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van Deemter Equation. Gas chromatography is an analytical technique that permits the separation and quantitation of complex mixtures. The mixture flows through a chromatographic column in a stream of carrier gas (usually helium), where the components separate and are detected. In the analysis of a sample of gasoline, for example, the components are separated based on their volatility, the lowest-boiling emerging from the separation column first. The degree of separation can be treated mathematically in the same way as for fractional distillation: a column can be considered to have a number of theoretical plates, just as a distillation tower in a refinery has actual “plates” for the separation of different petroleum products (naphtha, gasoline, diesel fuel, etc.). For gas chromatography, separation efficiency is usually expressed in terms of HETP (Height Equivalent to a Theoretical Plate), the column length divided by the number of theoretical plates. Separation efficiency is a function of the carrier gas flow rate v, as shown in the following figure. There is an optimum flow rate that provides the smallest HETP; too fast and there is not sufficient time for equilibration, too slow and gaseous diffusion allows the components to re-mix. The van Deemter Equation describes the relationship between HETP and carrier gas flow rate:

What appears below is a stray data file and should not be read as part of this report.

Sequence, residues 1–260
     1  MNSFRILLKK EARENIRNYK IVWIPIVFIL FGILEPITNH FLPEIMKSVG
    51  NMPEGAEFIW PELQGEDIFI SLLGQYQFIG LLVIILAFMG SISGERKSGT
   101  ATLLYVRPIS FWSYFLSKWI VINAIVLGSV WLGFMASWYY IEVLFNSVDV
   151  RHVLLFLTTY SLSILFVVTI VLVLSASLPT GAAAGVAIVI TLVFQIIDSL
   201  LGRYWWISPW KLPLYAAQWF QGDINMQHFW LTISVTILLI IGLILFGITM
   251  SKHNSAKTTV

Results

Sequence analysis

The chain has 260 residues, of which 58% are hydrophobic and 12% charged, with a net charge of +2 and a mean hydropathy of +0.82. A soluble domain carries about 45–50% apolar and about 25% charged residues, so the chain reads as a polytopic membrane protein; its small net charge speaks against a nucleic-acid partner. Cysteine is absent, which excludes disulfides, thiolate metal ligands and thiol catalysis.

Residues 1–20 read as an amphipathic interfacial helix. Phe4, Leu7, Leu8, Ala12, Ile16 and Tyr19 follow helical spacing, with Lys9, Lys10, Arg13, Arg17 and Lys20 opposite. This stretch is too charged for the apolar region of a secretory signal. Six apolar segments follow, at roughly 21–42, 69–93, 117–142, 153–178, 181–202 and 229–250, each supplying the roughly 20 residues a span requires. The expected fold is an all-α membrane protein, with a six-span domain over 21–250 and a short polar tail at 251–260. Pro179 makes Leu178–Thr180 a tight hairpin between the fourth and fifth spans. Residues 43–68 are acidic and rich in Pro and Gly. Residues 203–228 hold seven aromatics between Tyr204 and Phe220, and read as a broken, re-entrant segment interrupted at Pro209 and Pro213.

where v = carrier gas flow velocity. The data in Table 14-5 (also on the CD) shows measurements of HETP for a gas chromatographic column, using different flow rates.

Table 14-5

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